The University of South Dakota’s Athletic Department budget is the lowest in the Summit League and Missouri Valley Football Conference — something university administrators hope to change soon.
USD’s total athletic department budget of roughly $9.4 million is about $6 million less than South Dakota State University’s total athletic budget, and about half of North Dakota State University’s.
The student fees that contribute to USD’s athletic department budget are also low — coming in at just under 15 percent — accounting for about $1.3 million of the total athletic budget, which is why an increase in the General Activity Fee fund is being proposed.
When USD began the process of becoming a Division I university in 2011, student fees were not raised to cover the increased cost. Athletic Director David Herbster said although they’ve done well with what they have, some financial resources are tapping out.
“Believe me, if you’ve got the cheapest house, you don’t tell everybody that your house is the cheapest house. I mean, you dress it up as best you can and fix what you can when you can,” Herbster said. “And that’s kind of what we had done for a while, but it got to the point where you can’t do any more with what you have.”
USD President James Abbott said in addition to athletics, student activity support is also underfunded.
“We haven’t raised the fee as much as other institutions, and we haven’t asked the students to pay for the arena, for instance,” Abbott said. “We’ve concentrated on raising money to build the facilities, but we do need operating dollars.”
There wasn’t a push to cover the expense of D-I athletics through student fees because it likely wouldn’t have been approved the South Dakota Board of Regents, Abbott said.
“At the time, there was some belief that increasing fees at the same time we made the move (to Division I) would not be supported by the Regents,” Abbott said. “I may be wrong, but I think there was some sentiment that that would be the case.”
In place of student fees, Herbster said athletics has increased funding through institutional support, fundraising, corporate sponsorships, ticketing and renting facilities.
“Certainly this doesn’t come on the backs of the students,” Herbster said. “We’ve already pushed really hard.”
Herbster said there are three areas of athletics he wants to improve. The first, and top priority, is changes or additions that will affect all student athletes, such as hiring athletic trainers and strength and conditioning coaches. Additionally, some sports are under-resourced when it comes to coaching salaries and the number of people on staff.
His second priority is to improve the marketing office and other areas that will bring more money back to the department.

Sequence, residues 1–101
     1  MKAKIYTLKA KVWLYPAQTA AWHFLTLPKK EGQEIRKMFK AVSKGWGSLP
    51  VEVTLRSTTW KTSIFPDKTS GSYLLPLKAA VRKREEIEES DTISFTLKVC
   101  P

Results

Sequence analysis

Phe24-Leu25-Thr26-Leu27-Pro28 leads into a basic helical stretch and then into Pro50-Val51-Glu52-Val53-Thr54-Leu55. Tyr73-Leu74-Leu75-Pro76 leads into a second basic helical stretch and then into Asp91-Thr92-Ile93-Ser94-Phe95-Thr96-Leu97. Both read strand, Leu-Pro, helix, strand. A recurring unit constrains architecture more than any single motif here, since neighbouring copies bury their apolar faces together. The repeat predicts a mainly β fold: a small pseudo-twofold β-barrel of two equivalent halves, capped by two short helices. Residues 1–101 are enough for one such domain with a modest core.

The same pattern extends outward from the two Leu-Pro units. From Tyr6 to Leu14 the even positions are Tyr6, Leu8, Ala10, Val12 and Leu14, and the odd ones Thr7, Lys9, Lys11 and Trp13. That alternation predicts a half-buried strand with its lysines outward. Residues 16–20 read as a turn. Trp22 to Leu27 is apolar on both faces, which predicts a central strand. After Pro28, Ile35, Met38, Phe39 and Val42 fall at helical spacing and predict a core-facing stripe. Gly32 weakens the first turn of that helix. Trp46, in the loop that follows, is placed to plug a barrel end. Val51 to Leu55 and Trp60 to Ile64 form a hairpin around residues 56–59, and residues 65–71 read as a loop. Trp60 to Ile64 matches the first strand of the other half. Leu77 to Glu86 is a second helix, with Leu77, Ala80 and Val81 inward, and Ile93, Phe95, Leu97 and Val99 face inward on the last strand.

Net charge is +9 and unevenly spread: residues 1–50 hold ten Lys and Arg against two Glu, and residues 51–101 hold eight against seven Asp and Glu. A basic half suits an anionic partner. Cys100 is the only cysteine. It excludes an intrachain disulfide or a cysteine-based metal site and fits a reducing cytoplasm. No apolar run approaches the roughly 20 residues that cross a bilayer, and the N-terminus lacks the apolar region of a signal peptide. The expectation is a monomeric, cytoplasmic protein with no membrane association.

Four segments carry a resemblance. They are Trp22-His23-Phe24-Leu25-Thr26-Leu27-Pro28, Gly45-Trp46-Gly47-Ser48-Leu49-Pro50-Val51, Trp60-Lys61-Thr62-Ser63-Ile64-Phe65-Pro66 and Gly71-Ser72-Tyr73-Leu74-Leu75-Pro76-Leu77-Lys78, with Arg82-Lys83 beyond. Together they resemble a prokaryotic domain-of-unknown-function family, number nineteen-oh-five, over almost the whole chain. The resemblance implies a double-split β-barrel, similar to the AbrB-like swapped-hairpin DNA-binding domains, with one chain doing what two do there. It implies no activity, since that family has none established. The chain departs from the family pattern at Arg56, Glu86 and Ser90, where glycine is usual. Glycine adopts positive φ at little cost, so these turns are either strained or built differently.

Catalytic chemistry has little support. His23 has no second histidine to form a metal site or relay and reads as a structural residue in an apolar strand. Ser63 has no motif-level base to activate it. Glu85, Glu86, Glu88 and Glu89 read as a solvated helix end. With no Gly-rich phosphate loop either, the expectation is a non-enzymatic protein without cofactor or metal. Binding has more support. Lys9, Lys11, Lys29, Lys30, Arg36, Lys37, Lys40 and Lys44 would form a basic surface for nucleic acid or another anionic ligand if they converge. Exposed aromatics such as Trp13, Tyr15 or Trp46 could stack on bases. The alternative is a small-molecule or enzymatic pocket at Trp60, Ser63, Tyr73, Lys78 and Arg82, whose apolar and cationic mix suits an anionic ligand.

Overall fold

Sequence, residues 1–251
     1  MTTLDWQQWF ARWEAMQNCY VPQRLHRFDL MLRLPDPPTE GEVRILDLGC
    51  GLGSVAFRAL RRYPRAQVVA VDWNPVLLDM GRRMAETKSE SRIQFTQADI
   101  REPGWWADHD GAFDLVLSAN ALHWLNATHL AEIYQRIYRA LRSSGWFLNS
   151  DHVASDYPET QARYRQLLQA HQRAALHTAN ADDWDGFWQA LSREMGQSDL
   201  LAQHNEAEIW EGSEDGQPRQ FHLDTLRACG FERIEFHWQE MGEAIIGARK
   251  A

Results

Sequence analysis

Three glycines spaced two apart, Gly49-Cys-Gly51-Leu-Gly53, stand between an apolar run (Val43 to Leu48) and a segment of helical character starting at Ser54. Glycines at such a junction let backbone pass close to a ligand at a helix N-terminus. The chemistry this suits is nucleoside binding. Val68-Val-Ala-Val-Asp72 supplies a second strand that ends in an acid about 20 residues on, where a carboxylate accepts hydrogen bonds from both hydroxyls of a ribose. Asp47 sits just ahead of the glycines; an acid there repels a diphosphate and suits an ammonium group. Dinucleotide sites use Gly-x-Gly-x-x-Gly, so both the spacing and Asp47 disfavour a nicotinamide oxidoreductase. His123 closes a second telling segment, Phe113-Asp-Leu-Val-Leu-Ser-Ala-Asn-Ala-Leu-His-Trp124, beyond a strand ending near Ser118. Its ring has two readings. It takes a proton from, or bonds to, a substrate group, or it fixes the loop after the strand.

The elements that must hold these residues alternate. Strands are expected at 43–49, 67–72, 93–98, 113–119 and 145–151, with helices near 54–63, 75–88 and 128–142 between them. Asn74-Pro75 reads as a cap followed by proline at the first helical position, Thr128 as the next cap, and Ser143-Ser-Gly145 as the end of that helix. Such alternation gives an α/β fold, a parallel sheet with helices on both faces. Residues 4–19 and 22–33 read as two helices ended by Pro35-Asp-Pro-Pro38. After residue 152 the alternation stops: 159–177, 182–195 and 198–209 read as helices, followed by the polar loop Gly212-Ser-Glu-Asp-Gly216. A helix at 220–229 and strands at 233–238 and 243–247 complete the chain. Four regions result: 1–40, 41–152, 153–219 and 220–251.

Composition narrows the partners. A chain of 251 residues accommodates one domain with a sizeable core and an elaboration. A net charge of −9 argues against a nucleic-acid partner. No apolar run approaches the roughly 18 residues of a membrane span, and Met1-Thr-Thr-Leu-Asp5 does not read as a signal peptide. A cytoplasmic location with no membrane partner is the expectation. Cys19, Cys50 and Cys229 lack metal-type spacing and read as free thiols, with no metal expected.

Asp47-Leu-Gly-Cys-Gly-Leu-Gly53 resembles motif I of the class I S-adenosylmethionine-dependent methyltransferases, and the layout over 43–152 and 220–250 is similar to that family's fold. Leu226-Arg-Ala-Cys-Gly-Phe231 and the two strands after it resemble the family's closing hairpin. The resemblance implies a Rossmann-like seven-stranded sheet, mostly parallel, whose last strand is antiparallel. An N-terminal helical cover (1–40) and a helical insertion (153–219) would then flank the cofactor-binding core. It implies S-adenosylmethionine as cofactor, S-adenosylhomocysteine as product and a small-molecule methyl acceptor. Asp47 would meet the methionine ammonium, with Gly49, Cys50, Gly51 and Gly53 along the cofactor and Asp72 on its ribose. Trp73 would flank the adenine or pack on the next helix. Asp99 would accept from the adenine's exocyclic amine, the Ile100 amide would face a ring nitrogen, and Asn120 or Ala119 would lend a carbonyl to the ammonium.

“I was really looking for the student fee support to help us in those areas, kind of enhance our base so we can generate the additional revenue and the additional dollars on our own. I think that part’s pretty critical,” Herbster said. “I’m big on trying to make sure we are as self-sufficient and reliable as possible, but also knowing the reality of where we’re at.”
Lastly, Herbster said more facilities and custodial staff will need to be hired to keep up with the number of games and events held at USD.
“When we look at that from a build-up process, it’s kind of like small, medium, large,” Herbster said. “Because we won’t really truly be able to do everything that we want to do until that third year.”
Tyler Tordsen, Student Government Association president and USD General Activity Fee Committee member, said he quickly recognized the need for an increase in GAF funding when Herbster presented his department’s case during GAF hearings this October.
“From the athletic side of things, they came to us last. They’ve hit up every other revenue source that they could first before coming to us,” Tordsen said. “They’ve already got those commitments everywhere else, and it’s our turn to pitch in, too.”
Tordsen said in three years, these extra funds will make a big difference at USD, and not just in the athletic department.
“It’s kind of an all-encompassing investment, is how we looked at it,” Tordsen said. “Nobody likes a fee increase, but this is something we need to do to stay competitive and to keep pushing onward.”
Junior Amanda Salazar, a history education major, said she is not in favor of the large cut the athletic department will likely receive.
“I’m not an athlete — therefore, I don’t understand why athletics should get more money,” Salazar said. “Honestly I’m not a huge fan of it because I don’t have that much money, and I don’t think any other students really have that much money either, so it doesn’t make sense for me to pay for their stuff that I don’t go to.”
Salazar said she thinks it makes sense for USD to have a smaller athletic budget than SDSU and NDSU.
“We’re not as big,” Salazar said. “NDSU — their program is a lot bigger than ours — it makes sense for those universities to maybe have bigger athletic funds than we do.”
Junior Charles Morrison, a business administration major, feels differently.
“I think athletics are important because it’s kind of hard to be a good student when you’re not in good shape,” Morrison said. “Not only that, but it’s really good for the university — it’s a good source of income for the university.”
Morrison was taken aback by the athletic budget comparison.
“That’s ridiculous,” Morrison said. “We are the flagship university of this state — we should have the best funding.”
Herbster said he doesn’t believe the majority of students know athletics is underfunded.
“I want students to have the pride in this place, not just because of athletics, but because you’re a Coyote. And when you’re a Coyote, you’re a Coyote for life,” Herbster said. “At the end of the day, this is your campus. So to me, this is the students investing in their campus.”